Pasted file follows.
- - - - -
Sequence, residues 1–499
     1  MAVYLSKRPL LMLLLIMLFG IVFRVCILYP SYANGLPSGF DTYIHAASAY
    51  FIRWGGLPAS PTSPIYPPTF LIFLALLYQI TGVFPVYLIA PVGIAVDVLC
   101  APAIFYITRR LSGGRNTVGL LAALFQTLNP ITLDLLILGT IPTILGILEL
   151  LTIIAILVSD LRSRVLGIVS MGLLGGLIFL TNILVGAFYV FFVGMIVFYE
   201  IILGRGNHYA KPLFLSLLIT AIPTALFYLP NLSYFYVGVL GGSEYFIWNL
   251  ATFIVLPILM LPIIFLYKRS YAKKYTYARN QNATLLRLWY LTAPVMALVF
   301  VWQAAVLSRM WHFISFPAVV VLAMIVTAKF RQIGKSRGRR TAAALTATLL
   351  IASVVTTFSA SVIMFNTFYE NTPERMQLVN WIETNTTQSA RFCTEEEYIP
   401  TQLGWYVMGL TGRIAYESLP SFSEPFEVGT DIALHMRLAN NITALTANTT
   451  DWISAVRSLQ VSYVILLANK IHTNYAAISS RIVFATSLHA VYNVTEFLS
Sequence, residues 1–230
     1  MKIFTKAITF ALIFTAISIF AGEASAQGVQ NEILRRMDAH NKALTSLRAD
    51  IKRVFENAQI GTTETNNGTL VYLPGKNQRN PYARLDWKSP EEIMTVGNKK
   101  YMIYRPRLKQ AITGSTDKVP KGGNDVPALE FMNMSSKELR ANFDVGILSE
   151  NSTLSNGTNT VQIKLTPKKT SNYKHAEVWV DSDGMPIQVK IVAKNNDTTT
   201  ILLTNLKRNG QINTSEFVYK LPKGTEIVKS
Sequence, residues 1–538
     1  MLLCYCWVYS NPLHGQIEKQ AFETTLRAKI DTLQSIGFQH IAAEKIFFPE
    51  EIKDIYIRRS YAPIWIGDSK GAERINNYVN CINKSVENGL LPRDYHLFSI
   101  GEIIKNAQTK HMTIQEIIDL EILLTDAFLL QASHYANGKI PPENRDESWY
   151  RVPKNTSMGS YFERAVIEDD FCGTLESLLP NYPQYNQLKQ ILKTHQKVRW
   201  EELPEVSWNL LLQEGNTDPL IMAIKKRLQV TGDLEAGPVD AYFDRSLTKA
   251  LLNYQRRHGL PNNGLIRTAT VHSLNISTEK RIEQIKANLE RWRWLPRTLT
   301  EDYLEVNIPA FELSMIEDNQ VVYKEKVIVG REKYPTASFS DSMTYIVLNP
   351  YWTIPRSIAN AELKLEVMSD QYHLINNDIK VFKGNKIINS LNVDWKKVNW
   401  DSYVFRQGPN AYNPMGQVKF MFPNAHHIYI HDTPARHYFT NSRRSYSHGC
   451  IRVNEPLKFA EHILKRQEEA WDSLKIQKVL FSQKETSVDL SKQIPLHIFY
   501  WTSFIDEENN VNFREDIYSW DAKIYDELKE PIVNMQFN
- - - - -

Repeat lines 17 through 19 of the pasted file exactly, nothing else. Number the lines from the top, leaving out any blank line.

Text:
   201  ILLTNLKRNG QINTSEFVYK LPKGTEIVKS
Sequence, residues 1–538
     1  MLLCYCWVYS NPLHGQIEKQ AFETTLRAKI DTLQSIGFQH IAAEKIFFPE